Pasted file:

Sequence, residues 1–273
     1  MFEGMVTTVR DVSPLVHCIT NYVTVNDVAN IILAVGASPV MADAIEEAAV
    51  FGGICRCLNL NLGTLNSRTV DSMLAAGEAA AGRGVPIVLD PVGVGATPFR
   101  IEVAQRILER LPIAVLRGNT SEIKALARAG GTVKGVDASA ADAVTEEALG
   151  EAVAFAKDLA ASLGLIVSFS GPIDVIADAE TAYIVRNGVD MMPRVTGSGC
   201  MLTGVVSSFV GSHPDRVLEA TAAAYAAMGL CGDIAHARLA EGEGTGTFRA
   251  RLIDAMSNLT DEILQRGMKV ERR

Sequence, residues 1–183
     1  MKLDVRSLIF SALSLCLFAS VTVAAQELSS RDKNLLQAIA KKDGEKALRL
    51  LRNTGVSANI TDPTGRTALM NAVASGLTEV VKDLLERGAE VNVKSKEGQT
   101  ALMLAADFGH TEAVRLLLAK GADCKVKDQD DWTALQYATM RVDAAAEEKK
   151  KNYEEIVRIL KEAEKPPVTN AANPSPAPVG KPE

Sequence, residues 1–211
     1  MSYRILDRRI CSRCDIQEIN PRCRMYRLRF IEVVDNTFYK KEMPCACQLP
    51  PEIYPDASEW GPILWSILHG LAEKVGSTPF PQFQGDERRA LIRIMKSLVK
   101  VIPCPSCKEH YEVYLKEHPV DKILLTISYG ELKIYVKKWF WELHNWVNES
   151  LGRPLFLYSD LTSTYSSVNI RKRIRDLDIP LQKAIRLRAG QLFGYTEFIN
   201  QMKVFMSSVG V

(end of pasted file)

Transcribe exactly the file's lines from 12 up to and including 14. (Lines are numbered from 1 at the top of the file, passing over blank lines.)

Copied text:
   151  KNYEEIVRIL KEAEKPPVTN AANPSPAPVG KPE

Sequence, residues 1–211
     1  MSYRILDRRI CSRCDIQEIN PRCRMYRLRF IEVVDNTFYK KEMPCACQLP